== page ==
Burned out, tired, demoralized, at a breaking point. Spend time with teachers these days, and phrases such as these will come up often. It’s not a new narrative, but it’s certainly an accurate one for many, as the pandemic continues to radically reshape the education landscape.
Earlier this year, a RAND Corp. survey of former teachers found that stress was the most common reason for leaving the profession. Another survey found that nearly all teachers agreed that teaching is more stressful now than before the pandemic. Three-quarters of National Board Certified Teachers are working at least 20 percent more since the start of the pandemic. And teachers of color continue to face a unique form of stress due to institutionalized racism.
“It’s a different job,” says Chanea Bond, a public high school English teacher in Fort Worth, Texas, about pandemic teaching. “There’s no amount of sleep that gets me caught up with the exhaustion. It is a physical, mental and spiritual exhaustion.”
At this point, some wonder, is there even anything school administrators can do to help teachers?
Several things, actually, according to a new evidence-based research brief focused on improving teacher wellbeing put out by EdResearch for Recovery, a project from the Annenberg Institute at Brown University and Results for America, a nonprofit that connects policymakers and local governments with research-backed strategies.
Some remedies are self-evident, if difficult to implement quickly. Building a culture of mutual trust between teachers and administrators can improve relationships and even happiness. And schools that commit to achieving racial and social justice see less turnover and dissatisfaction from educators of color.
Others simply require flexible and willing school leaders. Asking teachers to help design professional development opportunities can boost morale. Likewise, giving teachers a break from administrative paperwork and supporting them when it comes to classroom management can improve teacher satisfaction.
“There’s a new kind of urgency for school leaders to meet the intellectual, the social, the emotional and the ethical needs of their teachers right now—so they will stay put,” says co-author Doris Santoro, a professor of education at Bowdoin College and author of the teacher-centered book “Demoralized.”
The brief lists other strategies too, such as the usefulness of collecting data on teacher concerns and how trauma-informed practices can reduce stress. But the goal is really about encouraging a spirit of collaboration between teachers and administrators.
“To me, it’s so much about the process and the structures by which we operate and less about the actual strategies,” says co-author Olga Price, an associate professor at the George Washington University and director of its Center for Health and Health Care in Schools. “I think a lot of really innovative, impactful strategies emerge when you bring people together who care about the issues. And who’s going to care more about educator wellbeing than educators?”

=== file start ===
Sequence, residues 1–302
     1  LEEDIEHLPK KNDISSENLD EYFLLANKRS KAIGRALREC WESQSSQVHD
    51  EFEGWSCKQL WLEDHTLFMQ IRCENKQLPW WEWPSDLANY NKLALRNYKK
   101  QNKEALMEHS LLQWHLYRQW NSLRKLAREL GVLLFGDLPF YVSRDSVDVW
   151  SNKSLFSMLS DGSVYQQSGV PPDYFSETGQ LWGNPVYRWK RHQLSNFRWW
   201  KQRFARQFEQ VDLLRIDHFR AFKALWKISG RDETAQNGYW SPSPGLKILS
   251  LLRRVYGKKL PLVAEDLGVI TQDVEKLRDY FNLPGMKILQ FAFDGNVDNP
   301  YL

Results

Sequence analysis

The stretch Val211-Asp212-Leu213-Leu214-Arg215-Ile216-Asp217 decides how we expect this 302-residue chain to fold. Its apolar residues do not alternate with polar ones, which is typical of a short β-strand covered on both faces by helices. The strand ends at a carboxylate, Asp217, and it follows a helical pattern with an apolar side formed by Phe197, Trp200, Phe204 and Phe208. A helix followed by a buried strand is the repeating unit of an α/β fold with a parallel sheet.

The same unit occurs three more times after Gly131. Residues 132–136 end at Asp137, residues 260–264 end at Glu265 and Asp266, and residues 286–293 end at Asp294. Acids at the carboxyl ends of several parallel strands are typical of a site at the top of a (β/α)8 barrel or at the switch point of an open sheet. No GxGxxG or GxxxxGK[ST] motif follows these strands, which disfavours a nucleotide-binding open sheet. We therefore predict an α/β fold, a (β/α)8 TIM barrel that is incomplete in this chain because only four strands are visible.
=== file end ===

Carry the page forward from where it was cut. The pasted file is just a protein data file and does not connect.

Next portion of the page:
That’s not to say the strategies are arbitrary. They’re intentionally tied to robust research and were chosen because they largely focus on communication and collaboration and thus don’t require much extra funding to implement.
One Annenberg paper from last year, which is cited in the brief, surveyed nearly 8,000 teachers and found that the most successful teachers were the ones who could depend on their school leaders for strong communication, fair expectations and targeted professional development.
Ideally, pointing directly to evidence will make it easier for teachers and administrators to reach consensus about what works—and to sell the idea to families and district leaders.
“I think that there are plenty of leaders out there who have wanted to implement some of these strategies but have met resistance,” Santoro says. “For someone who says, ‘Why bother doing that, what’s the use of it?’ We have evidence here—and oodles of it—just a click away.”
But there are still pervasive challenges. Before the pandemic, Bond, the Texas teacher, was given extra time to plan lessons with her department. Lately, there hasn’t been time due to a substitute teacher shortage and a raft of new responsibilities around students’ mental health and social-emotional wellbeing. Still, something as simple as an administrator taking over a class so she can catch up on other work from time to time can be a big help. “We’re being asked to make time without being given any,” she says.
One point that did not end up making the brief, but just as easily might have, is that teachers are hurting and need space to grieve. In the past year-and-a-half, teachers have lost a lot, Santoro explains. They’ve had to deal with the losses of loved ones, time with their students and the familiar notion of what teaching is.
Bond says her school is still grieving the death of a colleague and several members of her community. The push to move on like nothing happened feels heavy to her.
“We’ve got people crying in their rooms and in the hallways,” she says. “My colleagues are different than they were before the pandemic. I mean, we are shaken.”
A simple acknowledgment of that reality—and some space to work through the emotions that come with it—would go a long way, she says.